People Exempt from Obamacare’s Individual Mandate: Inmates, Religious Groups, and American Indians

| by Sarah Siskind
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Proponents of the Affordable Care Act maintain that the individual mandate, which requires all Americans to have health insurance, is the crucial component to the legislation. Last year, the Supreme Court upheld the constitutionality of the individual mandate when its legality came under fire. Despite all the legal battles and debates, several groups are prominently exempt from the mandate however.

Religious group, victims of domestic abuse, prison inmates, and American Indians are all not required by law to have health insurance.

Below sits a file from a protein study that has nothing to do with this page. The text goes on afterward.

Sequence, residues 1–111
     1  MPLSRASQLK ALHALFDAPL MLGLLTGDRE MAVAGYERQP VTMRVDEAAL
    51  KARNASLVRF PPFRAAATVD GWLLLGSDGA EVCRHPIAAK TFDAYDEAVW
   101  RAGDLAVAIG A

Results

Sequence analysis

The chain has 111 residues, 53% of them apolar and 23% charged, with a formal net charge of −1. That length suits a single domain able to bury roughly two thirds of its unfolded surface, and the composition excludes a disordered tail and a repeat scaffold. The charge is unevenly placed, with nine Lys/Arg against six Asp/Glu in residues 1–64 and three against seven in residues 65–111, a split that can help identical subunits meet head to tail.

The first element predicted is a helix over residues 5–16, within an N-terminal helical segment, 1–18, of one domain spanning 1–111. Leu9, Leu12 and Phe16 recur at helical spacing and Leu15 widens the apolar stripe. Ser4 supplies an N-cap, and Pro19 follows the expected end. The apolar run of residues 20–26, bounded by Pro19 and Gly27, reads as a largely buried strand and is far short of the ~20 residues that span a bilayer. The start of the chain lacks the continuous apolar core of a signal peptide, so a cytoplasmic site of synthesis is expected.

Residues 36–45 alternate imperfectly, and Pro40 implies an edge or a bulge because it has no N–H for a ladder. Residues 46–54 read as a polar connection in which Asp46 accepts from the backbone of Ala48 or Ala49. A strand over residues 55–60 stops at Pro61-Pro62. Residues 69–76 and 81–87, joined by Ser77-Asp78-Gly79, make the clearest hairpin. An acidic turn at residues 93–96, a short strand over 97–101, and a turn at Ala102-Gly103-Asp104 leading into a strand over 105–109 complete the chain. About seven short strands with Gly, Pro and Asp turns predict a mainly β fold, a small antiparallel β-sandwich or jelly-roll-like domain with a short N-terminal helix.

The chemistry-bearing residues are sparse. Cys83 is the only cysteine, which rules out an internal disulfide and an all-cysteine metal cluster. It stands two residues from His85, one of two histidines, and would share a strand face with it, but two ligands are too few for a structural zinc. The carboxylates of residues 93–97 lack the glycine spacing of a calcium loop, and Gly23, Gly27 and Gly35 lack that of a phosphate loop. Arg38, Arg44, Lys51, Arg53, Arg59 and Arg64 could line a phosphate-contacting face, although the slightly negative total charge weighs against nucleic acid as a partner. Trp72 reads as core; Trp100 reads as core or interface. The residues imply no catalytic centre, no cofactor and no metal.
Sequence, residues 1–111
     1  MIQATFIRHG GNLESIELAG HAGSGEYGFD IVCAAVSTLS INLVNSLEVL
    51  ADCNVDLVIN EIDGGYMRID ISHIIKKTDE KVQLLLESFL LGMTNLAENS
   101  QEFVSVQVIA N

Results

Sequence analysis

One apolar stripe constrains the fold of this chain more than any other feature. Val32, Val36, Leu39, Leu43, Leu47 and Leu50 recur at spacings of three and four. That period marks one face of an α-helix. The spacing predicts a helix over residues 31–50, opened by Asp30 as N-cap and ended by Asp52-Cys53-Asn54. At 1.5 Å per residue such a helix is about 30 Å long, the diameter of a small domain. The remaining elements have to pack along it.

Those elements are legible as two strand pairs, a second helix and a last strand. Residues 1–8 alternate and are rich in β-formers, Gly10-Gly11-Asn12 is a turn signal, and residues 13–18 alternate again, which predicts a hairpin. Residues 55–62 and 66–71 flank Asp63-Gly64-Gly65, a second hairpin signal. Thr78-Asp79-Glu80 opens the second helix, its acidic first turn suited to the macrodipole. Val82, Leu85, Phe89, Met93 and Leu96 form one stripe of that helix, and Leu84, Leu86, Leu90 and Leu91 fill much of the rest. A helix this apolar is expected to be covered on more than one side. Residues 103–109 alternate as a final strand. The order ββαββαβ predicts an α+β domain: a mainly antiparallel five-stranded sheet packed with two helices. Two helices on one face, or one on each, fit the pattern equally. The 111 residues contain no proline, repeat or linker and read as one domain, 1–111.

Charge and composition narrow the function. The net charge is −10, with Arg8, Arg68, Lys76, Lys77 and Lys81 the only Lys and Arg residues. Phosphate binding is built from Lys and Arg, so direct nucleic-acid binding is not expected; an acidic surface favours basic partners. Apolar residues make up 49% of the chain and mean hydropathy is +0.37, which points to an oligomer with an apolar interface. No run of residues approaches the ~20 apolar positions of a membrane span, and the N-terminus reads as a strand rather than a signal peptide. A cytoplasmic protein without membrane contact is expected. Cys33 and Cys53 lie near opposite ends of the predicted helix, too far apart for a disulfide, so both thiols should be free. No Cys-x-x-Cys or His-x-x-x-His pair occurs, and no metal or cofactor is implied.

The reason American Indians are not required to opt into the system is because the federal government is legally obligated, through various treaties, to provide American Indians free healthcare, education, and housing. The Indian Health Service runs the federal government about $4 billion a year. On top of this, American Indians are given the option to take federal subsidies for private healthcare.

Both opponents and proponents of Obamacare take issue with these exemptions. Opponents are frustrated why these groups have the privilege opt out yet most American are obligated to pay into the system. Proponents argue that, for the system to work, everyone must contribute.

All Americans with an income under $47,000 are eligible for subsidies ranging from $630 to $4,480 a year. Individuals who do not have health insurance at the implementation of Obamacare this January will be fined $95 per year and $300 for a family.

Sources: Fox News